“Their team used the GPUs on Perlmutter as proxies for a large number of real quantum computers, where each GPU was capable of simulating on the order of 30 qubits,” Camps said.

Watch Lee J. O’Riordan’s presentation for Quantum for Science Day.

Read the paper “Fast quantum circuit cutting with randomized measurements” on arXiv.

Accelerated quantum circuit simulator

For another circuit simulation project, Camps worked with Berkeley Lab colleague Roel Van Beeumen to optimize their own quantum circuit simulator, QCLAB++, for GPUs.

QCLAB++ is a C++ package for creating and representing quantum circuits. In particular, the code relies on state vector simulators that mathematically describe the state of the quantum system at any given point along the circuit.

Camps and Van Beeumen implemented the GPU-accelerated QCLAB++ for two types of quantum circuits—Fourier transform and Hamiltonian. They then benchmarked the results against other quantum circuit simulators, such as NVIDIA’s cuQuantum simulators, running on both Perlmutter’s CPUs and GPUs. QCLAB++ performed particularly well at low qubit counts and remained competitive at higher qubit counts, with increased performance on GPUs versus CPUs.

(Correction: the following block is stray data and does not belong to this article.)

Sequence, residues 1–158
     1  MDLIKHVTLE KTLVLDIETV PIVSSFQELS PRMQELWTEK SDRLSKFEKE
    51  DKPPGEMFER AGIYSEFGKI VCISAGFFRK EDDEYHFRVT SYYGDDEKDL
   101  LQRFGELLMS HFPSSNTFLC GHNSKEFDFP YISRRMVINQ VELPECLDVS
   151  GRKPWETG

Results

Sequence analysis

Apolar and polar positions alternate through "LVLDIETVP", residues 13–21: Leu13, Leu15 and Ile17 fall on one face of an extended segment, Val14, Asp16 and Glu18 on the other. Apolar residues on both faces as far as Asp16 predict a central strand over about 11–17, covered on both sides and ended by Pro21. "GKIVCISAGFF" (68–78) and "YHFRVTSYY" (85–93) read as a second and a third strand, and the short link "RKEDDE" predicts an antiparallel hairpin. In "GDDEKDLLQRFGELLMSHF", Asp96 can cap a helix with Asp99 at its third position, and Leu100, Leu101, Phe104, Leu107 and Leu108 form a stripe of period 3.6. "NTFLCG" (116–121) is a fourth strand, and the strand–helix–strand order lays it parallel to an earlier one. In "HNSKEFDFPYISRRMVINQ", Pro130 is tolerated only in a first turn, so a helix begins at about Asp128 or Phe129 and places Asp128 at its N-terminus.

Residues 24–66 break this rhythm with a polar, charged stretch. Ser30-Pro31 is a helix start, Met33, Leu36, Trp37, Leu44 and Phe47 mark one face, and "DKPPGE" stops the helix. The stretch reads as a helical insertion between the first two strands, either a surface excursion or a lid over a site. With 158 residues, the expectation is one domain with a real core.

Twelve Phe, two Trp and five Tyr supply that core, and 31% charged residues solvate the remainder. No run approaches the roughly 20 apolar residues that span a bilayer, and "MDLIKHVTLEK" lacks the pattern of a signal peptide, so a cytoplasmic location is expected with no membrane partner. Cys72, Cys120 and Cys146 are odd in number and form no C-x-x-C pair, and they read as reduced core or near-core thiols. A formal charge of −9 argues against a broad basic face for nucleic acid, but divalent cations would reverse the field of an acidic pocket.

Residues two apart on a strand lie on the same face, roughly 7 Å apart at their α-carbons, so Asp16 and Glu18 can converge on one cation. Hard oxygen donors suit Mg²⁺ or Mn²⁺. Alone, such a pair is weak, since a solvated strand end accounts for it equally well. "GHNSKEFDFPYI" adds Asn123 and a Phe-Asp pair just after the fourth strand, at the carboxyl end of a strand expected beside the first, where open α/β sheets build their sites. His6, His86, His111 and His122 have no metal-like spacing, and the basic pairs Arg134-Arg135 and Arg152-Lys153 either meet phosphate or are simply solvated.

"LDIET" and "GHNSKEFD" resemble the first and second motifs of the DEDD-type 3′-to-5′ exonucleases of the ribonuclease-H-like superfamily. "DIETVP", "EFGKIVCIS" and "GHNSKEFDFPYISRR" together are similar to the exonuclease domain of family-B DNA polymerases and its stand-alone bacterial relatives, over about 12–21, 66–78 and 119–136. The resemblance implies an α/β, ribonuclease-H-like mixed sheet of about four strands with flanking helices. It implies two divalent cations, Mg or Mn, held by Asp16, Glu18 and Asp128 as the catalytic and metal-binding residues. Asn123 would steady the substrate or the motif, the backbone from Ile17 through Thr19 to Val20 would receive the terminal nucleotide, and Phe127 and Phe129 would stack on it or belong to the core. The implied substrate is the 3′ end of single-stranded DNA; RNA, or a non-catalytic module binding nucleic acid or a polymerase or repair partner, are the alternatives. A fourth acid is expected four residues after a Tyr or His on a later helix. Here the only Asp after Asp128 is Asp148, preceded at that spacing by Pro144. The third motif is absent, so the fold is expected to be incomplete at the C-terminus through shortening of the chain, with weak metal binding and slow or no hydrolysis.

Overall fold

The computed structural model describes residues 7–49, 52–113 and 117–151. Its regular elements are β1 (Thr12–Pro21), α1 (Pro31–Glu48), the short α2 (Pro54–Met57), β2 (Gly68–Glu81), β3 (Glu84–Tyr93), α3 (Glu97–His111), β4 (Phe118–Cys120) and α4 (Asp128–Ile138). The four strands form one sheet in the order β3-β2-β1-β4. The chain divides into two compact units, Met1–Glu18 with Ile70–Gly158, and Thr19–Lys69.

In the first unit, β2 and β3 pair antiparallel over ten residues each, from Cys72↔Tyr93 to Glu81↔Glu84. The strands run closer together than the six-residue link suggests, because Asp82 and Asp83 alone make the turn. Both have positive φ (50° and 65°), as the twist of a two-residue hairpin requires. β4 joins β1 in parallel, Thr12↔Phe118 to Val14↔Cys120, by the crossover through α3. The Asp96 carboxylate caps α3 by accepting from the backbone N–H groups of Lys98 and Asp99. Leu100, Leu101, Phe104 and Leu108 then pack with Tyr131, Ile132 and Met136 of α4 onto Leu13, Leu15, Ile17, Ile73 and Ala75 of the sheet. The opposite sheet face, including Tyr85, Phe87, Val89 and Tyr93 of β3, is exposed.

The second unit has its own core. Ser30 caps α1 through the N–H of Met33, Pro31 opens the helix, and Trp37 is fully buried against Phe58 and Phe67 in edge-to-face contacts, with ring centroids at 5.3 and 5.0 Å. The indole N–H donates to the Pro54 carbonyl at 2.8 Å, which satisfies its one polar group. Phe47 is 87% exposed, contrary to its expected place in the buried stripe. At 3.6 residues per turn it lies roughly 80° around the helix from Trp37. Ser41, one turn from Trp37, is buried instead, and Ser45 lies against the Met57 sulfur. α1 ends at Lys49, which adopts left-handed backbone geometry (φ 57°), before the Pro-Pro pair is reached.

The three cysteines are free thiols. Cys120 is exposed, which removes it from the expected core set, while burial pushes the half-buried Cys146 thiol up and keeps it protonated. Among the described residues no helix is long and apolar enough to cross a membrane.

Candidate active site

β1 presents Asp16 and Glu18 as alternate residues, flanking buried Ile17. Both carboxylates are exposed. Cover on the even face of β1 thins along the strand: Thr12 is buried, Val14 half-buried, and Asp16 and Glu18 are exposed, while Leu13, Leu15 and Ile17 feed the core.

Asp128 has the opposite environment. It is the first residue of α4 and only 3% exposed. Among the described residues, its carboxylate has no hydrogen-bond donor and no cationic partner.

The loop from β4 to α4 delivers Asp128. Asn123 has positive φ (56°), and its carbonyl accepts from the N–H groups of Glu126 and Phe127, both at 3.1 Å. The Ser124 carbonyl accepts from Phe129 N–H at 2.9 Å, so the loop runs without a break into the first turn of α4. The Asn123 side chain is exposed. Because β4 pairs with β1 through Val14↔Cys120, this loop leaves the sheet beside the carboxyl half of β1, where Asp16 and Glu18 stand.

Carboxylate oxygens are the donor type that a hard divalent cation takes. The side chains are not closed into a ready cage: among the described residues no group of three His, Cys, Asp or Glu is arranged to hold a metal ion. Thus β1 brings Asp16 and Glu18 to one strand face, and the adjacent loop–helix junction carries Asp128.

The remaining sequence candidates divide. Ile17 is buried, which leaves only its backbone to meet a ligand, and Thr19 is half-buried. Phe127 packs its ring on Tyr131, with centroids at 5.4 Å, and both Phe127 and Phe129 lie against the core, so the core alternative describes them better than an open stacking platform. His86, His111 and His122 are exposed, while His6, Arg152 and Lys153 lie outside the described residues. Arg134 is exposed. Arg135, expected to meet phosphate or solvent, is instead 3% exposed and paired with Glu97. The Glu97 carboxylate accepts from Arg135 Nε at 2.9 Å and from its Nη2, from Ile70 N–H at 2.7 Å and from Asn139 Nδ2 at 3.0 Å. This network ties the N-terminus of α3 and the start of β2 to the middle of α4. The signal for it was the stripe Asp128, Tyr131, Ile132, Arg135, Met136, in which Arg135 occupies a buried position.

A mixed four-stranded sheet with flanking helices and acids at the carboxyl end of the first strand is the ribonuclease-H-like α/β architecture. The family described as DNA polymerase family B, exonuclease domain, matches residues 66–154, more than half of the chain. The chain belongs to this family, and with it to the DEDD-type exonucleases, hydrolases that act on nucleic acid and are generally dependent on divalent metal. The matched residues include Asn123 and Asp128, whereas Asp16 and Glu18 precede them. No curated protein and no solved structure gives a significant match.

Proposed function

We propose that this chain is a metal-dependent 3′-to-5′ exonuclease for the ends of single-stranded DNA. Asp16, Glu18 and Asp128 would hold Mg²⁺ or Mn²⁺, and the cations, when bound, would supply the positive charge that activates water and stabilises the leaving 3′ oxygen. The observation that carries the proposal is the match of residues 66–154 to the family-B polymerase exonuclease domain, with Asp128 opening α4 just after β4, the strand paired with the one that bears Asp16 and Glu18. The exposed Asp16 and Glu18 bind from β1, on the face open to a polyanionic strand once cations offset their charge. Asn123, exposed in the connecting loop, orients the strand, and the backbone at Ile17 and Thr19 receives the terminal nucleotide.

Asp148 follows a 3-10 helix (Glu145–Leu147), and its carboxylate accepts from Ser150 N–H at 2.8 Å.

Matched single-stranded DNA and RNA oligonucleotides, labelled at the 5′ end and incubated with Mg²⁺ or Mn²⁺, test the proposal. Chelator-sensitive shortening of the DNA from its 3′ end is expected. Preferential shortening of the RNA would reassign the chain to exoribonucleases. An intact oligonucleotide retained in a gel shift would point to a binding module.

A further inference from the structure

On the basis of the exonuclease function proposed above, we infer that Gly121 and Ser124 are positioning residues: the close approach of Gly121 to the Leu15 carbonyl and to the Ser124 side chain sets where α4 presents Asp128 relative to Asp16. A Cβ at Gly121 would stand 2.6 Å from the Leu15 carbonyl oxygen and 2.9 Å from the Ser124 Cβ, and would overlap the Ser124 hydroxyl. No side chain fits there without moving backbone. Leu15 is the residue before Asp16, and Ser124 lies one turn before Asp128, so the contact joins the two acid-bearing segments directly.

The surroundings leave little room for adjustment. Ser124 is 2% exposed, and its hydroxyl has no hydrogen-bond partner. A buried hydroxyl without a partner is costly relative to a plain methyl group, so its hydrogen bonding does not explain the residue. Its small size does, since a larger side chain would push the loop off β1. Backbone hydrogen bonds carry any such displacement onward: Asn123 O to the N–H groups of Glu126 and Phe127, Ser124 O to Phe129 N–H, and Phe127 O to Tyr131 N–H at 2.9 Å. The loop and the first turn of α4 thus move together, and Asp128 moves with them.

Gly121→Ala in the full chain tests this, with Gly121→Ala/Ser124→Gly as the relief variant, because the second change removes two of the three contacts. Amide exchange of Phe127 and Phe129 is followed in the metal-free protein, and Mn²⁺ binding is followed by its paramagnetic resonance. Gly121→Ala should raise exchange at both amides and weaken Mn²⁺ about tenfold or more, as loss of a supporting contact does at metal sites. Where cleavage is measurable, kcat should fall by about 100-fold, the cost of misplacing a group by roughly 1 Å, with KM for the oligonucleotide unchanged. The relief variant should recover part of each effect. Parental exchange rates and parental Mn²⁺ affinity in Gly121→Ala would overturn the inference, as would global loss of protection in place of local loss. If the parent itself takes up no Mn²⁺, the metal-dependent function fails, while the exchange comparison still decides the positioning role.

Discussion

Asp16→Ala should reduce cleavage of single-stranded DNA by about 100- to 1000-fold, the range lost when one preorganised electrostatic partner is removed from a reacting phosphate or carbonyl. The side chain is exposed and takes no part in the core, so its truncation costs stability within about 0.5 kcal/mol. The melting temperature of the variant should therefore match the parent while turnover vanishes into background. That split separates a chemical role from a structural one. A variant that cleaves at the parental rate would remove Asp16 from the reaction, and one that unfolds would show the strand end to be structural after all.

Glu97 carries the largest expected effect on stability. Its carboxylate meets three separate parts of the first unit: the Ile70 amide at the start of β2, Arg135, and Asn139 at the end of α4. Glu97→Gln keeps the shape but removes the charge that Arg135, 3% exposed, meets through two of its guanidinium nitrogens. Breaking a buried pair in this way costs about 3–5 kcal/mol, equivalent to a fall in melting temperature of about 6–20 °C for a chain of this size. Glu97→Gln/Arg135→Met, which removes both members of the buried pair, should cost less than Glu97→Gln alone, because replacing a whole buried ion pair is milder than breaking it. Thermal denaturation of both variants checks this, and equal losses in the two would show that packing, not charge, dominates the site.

“Our tests have shown that our code is competitive with other state vector simulators on a variety of benchmarking circuits,” Camps said. “Our GPU-accelerated code will be released soon and the QIS@Perlmutter program really enabled us to drive the development.”

Watch Roel Van Beeumen’s presentation for Quantum for Science Day.

Optimized quantum search algorithms for noisy quantum devices

A project led by Kwangmin Yu of Brookhaven National Laboratory studied and optimized the performance of the quantum search algorithm known as Grover’s algorithm for noisy quantum devices as part of a larger project on quantum Monte Carlo integration (QMCI).

Quantum search is one of the core parts of QMCI, which can then be used to study complex quantum systems in a range of applications in science, finance, and more. One of the earliest and well-known algorithms for quantum computing, Grover’s algorithm can rapidly speed list or database searches, helping solve large-scale problems with many variables. However, like other foundational quantum algorithms, such as Shor’s algorithm used for factorization, Grover’s algorithm is difficult to implement on current quantum hardware. These near-term “noisy” devices are sensitive to their environment and prone to losing their quantum state (decoherence) but are still critical to today’s quantum users.

After conducting QMCI experiments on commercial quantum computers, simulations on Perlmutter were used to validate and check the results of their experiments at a large scale, Camps said. “Dr. Yu’s team used their compute time on Perlmutter to develop pre- and post-processing for distributed QMCI in order to solve large decision-making and optimization problems.”

What’s next for QIS@Perlmutter?

Although a 2023 QIS@Perlmutter program has not been announced, Camps said that the 2022 program has been a success and NERSC will continue to support QIS users through its Energy Research Computing Allocations Process.


This article was first published on insideHPC.